Firewall log question - what am I looking at
Ok here is a new firewall log can someone explain to me
184.108.40.206 is the ATT DSL IP connection
192.168.0.1 is the ATT modem
192.168.1.1/24 my local LAN
Why is the ATT modem showing up so often in the log?
My computer local lan is 192.168.1.1/24 why can I still open up my modem on 192.168.0.1 isnint that a different net?
What is 220.127.116.11 and why is it showing in the log?
What is 18.104.22.168 and why is it showing in the log?
Didn't we go over this already??
Before you my att dsl modem was at 22.214.171.124 and you were seeing SSDP to multicast address on your LAN port.
I asked in that thread how your connected since you should be seeing traffic from your modem on your LAN interface.
Please draw out your network connection, And you changed your modem lan IP?? So your creating a PPPoE connection of your modem/router that is already making the connection for you?? Thanks what it sounds like to me really.
I have not seen a plain jane dsl modem in years and years, they are ALL gateway devices, ie modem/router combos that do NAT.. I would have to assume with that 192.168.0.1 address its natting.
Anywho – as to seeing traffic from your "modem" Normally any traffic from a private would be blocked and not logged per this setting
Block private networks
When set, this option blocks traffic from IP addresses that are reserved for private networks as per RFC 1918 (10/8, 172.16/12, 192.168/16) as well as loopback addresses (127/8). You should generally leave this option turned on, unless your WAN network lies in such a private address space, too.
So you must of turned that rule off? Why??
I still do not understand and some of the things have been cleared up found a dlink router being used as a switch/hub with no wan took it out etc.
The DSL modem has not changed it is a standalone I have about 50 of these laying around from a former venture
Diagram of connection
DSL4100 DEVICE> cat5e > Network connection 1 on eMachine > pesense software on eMachine > Network connection 2 > cat5e > netgear gigabit switch > home network consisting of 6 ubiquity wireless powerstations 6 acting in bridge mode + 2 picostations as in station mode. > a bunch of pc's, gameboys, several ps3's wii's laptops, cell phones w/wifi and a kindle.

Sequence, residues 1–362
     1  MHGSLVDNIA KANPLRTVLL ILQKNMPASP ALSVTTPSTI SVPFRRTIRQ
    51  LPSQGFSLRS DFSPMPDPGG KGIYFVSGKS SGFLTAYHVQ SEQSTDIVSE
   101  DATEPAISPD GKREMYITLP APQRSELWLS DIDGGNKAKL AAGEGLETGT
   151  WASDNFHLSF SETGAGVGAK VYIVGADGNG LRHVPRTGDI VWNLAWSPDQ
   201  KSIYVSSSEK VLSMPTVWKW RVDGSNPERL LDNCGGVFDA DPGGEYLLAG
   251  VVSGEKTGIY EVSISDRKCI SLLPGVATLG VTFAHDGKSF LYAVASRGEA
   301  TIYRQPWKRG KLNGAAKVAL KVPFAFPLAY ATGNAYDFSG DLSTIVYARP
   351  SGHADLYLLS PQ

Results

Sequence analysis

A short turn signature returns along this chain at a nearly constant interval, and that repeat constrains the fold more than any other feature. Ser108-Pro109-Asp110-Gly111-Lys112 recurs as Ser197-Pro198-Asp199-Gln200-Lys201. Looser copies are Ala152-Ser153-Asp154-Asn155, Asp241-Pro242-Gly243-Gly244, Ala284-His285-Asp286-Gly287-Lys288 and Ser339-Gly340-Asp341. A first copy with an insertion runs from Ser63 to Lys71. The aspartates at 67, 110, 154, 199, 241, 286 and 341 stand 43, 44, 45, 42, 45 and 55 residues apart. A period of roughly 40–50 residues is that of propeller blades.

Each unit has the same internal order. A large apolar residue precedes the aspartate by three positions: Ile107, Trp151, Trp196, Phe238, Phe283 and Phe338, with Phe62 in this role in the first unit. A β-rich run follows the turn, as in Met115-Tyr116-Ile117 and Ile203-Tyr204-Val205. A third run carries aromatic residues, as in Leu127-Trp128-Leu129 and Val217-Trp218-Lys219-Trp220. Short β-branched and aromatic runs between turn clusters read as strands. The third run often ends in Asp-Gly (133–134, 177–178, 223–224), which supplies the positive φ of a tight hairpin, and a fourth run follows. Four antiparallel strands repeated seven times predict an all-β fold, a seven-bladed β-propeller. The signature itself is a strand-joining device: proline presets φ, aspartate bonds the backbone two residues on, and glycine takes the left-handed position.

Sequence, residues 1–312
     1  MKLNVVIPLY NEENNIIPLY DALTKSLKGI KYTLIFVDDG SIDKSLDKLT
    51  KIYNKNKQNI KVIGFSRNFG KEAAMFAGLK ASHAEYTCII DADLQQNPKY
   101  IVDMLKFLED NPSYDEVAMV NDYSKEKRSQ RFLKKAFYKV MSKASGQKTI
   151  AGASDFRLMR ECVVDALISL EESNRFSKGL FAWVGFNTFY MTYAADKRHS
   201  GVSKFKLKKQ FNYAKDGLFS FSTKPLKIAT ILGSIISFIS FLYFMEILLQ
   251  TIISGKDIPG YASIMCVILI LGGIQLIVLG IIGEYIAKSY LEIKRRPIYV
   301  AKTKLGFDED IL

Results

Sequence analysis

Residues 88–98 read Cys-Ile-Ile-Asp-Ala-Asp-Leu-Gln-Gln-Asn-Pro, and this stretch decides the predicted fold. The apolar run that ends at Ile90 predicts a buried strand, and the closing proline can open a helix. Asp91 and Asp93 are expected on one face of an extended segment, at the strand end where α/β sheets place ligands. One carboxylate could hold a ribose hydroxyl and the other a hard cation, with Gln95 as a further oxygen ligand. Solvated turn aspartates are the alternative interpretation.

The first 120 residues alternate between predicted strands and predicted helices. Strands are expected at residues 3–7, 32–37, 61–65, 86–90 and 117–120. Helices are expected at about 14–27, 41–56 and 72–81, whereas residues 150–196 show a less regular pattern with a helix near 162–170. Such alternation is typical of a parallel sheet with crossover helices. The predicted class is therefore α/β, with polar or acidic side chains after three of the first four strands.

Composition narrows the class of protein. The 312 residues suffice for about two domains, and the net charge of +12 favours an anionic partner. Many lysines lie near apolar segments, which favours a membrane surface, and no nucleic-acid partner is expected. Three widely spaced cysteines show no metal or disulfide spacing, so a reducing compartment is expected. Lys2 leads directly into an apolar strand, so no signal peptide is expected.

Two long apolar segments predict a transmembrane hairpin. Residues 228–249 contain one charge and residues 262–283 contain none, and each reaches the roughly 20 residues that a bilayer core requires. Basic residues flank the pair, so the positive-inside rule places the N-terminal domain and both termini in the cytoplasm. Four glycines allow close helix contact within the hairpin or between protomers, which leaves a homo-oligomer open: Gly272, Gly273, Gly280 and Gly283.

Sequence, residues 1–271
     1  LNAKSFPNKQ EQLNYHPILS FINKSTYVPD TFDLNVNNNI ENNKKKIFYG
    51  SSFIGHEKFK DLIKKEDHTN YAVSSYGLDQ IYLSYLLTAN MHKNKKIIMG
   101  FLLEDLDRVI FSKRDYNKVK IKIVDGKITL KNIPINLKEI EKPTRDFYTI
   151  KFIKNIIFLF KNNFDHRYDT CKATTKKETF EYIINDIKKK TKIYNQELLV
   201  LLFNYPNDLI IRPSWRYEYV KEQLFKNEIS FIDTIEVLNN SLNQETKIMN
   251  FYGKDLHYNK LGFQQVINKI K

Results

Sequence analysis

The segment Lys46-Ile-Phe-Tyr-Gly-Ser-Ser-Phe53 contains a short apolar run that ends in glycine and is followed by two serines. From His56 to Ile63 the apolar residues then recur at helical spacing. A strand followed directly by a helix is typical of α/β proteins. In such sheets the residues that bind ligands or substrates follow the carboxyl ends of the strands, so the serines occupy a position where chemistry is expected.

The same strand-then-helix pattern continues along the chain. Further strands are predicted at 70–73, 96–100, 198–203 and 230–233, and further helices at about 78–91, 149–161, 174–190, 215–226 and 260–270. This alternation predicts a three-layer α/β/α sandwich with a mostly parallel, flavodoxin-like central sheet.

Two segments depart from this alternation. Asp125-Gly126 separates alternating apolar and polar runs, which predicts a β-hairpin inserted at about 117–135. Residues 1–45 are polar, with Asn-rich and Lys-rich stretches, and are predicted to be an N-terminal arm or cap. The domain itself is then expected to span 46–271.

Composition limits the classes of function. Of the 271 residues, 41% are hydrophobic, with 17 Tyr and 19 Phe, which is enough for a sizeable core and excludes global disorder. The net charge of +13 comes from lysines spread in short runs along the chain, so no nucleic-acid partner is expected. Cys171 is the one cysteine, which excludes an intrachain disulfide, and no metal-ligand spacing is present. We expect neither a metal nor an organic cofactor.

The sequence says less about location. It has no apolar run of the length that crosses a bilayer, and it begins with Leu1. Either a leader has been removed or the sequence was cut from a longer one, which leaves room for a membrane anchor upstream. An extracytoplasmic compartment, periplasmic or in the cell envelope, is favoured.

the modem is connected via pppoe and the pcfsense box is connected via dhcp to the modem
Well 3rd bullet from linked to pdf for your "modem"
"Network address translation"
So what mode is this 4100 in?
From this manual for the 4100 and 4200 series "ROUTER" which what you have there not just a modem.
If the device is in bridge mode you loose ppp
The second mode of operation provides only "bridging" functionality. This applies to both WAN-to-LAN connectivity as well as to all LAN-side interfaces. Point-to-Point (PPP) connections are not available under the bridge mode of operation
So you would then have to do your PPPoE on your pfsense box – which would make more sense when I see your public IP there in your logs.
Also says if you put it in bridge mode that you would loose access to its interface
Important! If you switch to Bridge mode, you will lose access to the Web management interface and can only return to Router mode by resetting the Router to factory defaults.
So since you say you can access 192.168.0.1 tells me your in router/NAT mode?? Which if your going to be using your pfsense box for you wouldn't want.
How is your pfsense box getting a public IP on its wan interface if your "4100" is doing nat??
Ok I reinstalled pfsense current 2.0 again, and this time set up the modem as a passthrough with pppoe on router or computer mode,
Set up pppoe on pfsense to get DSL working and this stopped access to 192.168.0.1 and that error has gone away